Sunset and crowds on Hvar Island
Sunset strolls in Hvar Town


Restaurant reservations were essential throughout our trip. We watched may a disappointed tourist be turned away from restaurants in each city we visited. Our first night we dined at Bunar, which had especially pleasant and helpful service. Like everywhere in Hvar, it was priced at what I'd consider to be American big city prices, so don't go in expecting Central European bargains. After dinner ice cream at the popular L'amor per il gelato came with a long line, and while good, we found other places in town to be just as good with a lower price tag and shorter wait.


We spent our first full day visiting Pokonji dol Beach, a 20 minute walk from Hvar Town. Despite our best efforts to avoid the route that led to a steep final path down to the sea, we still ended up on it. We looked down at the rocky path down to the beach with concerns for our poor ankles, but we managed to navigate it unscathed. It's not for the faint of heart, and I definitely recommend sturdy shoes and not just flip flops. You'll need those anyway because like nearly all Croatian beaches, this one is rocky. 

View of a crowded pebbly beach in Croatia
The top of a very steep rocky path down to Hvar's Pokonji dol Beach

We were able to rent two comfortable chairs and umbrella for 190 kuna and settled in for people watching. I will long remember the motley crew next to us who chowed down on corn on the cob throughout their beach day! No concrete slab or rocky stretch of coast is too inhospitable to the Croatian sun-worshipers, so you will see people set up for the day on every available surface near water.

Rocky beach with umbrellas and sunbathers in Hvar, Croatia
The rocks don't stop sunbathers at Hvar's Pokonji dol Beach

That afternoon, we enjoyed a wine tasting tour that brought us to Caric Winery and Plancic Winery. The tour of course came with a variety of delicious local wines and local meats and cheeses, but also was a great opportunity to meet some other travelers, and we enjoyed our evening getting to know our Dutch companions. Pharos Opol, a light and bright rose from Plancic was a particular favorite of the day. We had enough to nibble on throughout that we skipped a formal dinner afterwards and instead headed back into Hvar Town for mojitos at one of the many bustling bars.

People on a pebbly beach by the sea in Croatia's Pakleni Islands
No beach is too rocky for Croatians. Here they enjoy a sliver of rocky shores in the Pakleni Islands

The following day we headed to the seas with Hvar Adventure Agency for a day of cruising the Pakleni Islands. The sunbaked islands near Hvar are scrubby and rocky but charming, reminding me of Greek Islands near Athens, such as Hydra and Poros. With a warm breeze and free flowing white Croatian wine, the day of sailing was a delight.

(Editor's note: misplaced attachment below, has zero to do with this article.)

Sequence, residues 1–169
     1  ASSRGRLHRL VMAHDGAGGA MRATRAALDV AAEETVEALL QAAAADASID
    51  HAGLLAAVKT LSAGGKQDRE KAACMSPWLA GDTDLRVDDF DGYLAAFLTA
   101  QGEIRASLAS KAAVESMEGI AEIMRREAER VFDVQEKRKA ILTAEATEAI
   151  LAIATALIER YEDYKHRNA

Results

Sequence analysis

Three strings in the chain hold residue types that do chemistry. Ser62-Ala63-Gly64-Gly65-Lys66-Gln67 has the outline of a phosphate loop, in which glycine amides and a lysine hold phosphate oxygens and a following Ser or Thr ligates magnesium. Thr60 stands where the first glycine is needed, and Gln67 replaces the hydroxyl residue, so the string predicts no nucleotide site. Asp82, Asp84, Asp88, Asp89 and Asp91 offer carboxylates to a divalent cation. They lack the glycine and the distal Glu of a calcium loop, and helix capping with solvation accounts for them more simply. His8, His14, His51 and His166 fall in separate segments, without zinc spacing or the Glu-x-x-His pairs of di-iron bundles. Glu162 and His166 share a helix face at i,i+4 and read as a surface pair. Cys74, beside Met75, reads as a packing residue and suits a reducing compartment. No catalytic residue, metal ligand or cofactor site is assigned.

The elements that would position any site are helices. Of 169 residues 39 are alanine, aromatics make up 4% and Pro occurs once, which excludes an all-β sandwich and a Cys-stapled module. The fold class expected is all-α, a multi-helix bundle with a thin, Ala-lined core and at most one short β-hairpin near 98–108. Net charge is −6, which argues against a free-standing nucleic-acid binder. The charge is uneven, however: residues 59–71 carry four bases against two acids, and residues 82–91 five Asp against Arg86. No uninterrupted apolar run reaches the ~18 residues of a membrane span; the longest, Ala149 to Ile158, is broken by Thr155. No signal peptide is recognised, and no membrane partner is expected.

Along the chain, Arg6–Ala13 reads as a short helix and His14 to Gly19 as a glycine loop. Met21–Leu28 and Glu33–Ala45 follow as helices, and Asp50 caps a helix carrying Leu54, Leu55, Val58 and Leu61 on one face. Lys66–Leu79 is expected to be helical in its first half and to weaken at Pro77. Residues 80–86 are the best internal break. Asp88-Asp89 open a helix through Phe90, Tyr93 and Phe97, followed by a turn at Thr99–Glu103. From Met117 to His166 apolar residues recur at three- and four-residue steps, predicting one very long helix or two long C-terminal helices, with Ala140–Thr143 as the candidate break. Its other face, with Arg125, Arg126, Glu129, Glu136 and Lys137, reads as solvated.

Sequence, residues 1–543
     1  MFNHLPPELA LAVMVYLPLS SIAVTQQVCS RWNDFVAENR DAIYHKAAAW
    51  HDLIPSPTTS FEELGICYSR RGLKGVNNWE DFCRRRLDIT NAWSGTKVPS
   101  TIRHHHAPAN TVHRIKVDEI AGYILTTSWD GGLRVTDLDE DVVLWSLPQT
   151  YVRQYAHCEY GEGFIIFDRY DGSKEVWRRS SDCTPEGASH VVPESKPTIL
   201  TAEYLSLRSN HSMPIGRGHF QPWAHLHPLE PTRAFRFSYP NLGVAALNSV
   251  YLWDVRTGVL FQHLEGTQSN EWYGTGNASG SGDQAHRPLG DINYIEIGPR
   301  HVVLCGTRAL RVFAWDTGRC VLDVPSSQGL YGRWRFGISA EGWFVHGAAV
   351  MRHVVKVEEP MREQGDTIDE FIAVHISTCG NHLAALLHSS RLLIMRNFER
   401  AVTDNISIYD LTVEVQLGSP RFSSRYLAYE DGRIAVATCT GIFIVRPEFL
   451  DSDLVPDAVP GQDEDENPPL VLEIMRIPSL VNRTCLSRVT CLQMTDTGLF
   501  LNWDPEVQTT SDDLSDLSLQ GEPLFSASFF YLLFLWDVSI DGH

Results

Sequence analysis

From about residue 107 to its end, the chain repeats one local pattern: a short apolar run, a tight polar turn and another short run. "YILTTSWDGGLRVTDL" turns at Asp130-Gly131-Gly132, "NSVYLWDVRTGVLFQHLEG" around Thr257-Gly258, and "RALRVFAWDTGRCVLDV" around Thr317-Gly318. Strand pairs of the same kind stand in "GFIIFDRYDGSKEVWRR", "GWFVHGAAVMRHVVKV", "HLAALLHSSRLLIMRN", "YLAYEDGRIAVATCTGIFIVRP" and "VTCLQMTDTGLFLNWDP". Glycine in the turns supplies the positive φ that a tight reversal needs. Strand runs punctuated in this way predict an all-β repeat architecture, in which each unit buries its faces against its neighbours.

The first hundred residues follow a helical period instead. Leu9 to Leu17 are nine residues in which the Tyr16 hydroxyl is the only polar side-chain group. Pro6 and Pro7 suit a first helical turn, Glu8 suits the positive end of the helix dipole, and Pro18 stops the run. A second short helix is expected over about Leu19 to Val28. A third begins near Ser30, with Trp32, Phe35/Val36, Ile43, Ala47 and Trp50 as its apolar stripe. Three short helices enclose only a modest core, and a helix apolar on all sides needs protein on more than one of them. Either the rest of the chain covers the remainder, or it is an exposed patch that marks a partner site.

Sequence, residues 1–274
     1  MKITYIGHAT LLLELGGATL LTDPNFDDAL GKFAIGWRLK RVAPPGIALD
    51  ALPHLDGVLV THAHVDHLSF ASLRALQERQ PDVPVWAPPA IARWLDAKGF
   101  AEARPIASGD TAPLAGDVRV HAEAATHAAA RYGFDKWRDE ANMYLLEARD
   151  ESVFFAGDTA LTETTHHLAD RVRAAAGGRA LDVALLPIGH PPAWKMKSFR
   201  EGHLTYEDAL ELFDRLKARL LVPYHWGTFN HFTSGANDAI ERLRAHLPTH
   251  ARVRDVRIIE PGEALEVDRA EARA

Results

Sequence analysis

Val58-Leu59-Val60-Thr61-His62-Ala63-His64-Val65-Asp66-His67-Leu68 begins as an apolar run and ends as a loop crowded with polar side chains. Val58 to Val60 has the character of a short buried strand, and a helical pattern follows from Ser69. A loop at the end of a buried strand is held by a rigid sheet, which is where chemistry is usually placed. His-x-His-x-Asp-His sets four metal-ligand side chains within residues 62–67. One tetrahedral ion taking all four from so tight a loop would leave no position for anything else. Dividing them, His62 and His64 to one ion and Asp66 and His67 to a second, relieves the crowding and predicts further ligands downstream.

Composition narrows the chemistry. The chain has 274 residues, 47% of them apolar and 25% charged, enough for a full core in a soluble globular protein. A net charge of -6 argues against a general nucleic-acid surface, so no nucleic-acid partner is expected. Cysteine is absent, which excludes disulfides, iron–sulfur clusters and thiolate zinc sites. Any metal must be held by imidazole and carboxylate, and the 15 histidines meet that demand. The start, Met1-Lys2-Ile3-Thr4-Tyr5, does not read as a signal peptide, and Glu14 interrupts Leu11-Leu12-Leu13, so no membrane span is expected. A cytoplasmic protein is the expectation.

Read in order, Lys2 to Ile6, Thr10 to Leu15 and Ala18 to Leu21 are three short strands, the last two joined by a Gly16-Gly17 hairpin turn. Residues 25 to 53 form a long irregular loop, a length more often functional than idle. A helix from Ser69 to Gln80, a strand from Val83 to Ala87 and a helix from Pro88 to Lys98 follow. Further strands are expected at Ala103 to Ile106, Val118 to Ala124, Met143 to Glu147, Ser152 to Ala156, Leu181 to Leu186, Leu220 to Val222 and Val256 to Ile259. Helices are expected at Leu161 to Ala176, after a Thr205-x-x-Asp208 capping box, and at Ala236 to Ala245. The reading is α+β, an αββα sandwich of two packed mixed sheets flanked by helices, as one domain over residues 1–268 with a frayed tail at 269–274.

We anchored in quiet coves and swam in the salty Adriatic, which was perfect for floating with very little actual swimming required to stay afloat. Our skipper offered snorkel gear, but we found there wasn't much to see in the waters of Croatia. It was enough to just enjoy cooling off and jumping from the boat. A brief pitstop on Palmižana allowed for a relaxing lunch at Bacchus overlooking another pebbly beach. A perfectly prepared red snapper, a salad, and two drinks ran us around $100 USD. 

That evening, we dined at Dalmatino, where we splurged on Gnocchi Istria, a black gnocchi with truffles and shrimp,  and well prepared steaks, again with Croatian truffles. It was one of the fancier meals of our 2 week stay, but I thought worth the high price tag in terms of both food quality and service.

Pink sunset, boats, and skyline in Hvar, Croatia
Hvar's harbor is full of high dollar yachts

The pretty young things in Hvar really are glorious to behold, and there is plenty of over-the-top fashion to keep people watchers busy for hours. After dinner, those not heading off to clubs like Hula Hula have cocktails at waterside bars or simply stroll around. We would end each evening with an ice cream as we sat on a bench taking it all in. We departed on a morning ferry to Korcula on our 3rd morning in Croatia and felt like 3 nights was the perfect amount of time to enjoy this glamorous little slice of Adriatic heaven. 

Want to plan your own trip to Hvar or elsewhere in Croatia? Jayway Travel arranged our entire 2-week trip and made the entire process so easy. They helped us choose and book everything we did including all hotels, tours, restaurant reservations, ferry tickets and private transfers, based on our preferences. More to come on the rest of our trip in future articles, but suffice it to say that if you want to plan a trip to Croatia (or elsewhere in Central or Western Europe), working with Jayway is a life-saver.


I've included an affiliate link in this article. I get commissions for purchases made through links in this post.